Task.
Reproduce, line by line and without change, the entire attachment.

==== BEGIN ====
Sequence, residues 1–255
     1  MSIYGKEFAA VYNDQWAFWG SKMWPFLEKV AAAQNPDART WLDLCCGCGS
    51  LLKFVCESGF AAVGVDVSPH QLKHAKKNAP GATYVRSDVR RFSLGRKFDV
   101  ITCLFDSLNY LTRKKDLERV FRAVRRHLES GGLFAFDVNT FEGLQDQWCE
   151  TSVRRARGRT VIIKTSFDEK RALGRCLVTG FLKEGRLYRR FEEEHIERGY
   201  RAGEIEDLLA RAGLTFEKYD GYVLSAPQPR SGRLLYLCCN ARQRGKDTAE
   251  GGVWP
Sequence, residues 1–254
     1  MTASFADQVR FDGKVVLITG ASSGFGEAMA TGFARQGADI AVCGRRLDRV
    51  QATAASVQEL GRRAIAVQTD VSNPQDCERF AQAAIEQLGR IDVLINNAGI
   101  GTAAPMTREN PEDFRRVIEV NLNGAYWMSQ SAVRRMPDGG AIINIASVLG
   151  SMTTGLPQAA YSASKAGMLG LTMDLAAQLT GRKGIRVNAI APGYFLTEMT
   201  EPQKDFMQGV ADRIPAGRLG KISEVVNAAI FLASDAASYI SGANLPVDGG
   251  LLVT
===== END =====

Sequence, residues 1–255
     1  MSIYGKEFAA VYNDQWAFWG SKMWPFLEKV AAAQNPDART WLDLCCGCGS
    51  LLKFVCESGF AAVGVDVSPH QLKHAKKNAP GATYVRSDVR RFSLGRKFDV
   101  ITCLFDSLNY LTRKKDLERV FRAVRRHLES GGLFAFDVNT FEGLQDQWCE
   151  TSVRRARGRT VIIKTSFDEK RALGRCLVTG FLKEGRLYRR FEEEHIERGY
   201  RAGEIEDLLA RAGLTFEKYD GYVLSAPQPR SGRLLYLCCN ARQRGKDTAE
   251  GGVWP
Sequence, residues 1–254
     1  MTASFADQVR FDGKVVLITG ASSGFGEAMA TGFARQGADI AVCGRRLDRV
    51  QATAASVQEL GRRAIAVQTD VSNPQDCERF AQAAIEQLGR IDVLINNAGI
   101  GTAAPMTREN PEDFRRVIEV NLNGAYWMSQ SAVRRMPDGG AIINIASVLG
   151  SMTTGLPQAA YSASKAGMLG LTMDLAAQLT GRKGIRVNAI APGYFLTEMT
   201  EPQKDFMQGV ADRIPAGRLG KISEVVNAAI FLASDAASYI SGANLPVDGG
   251  LLVT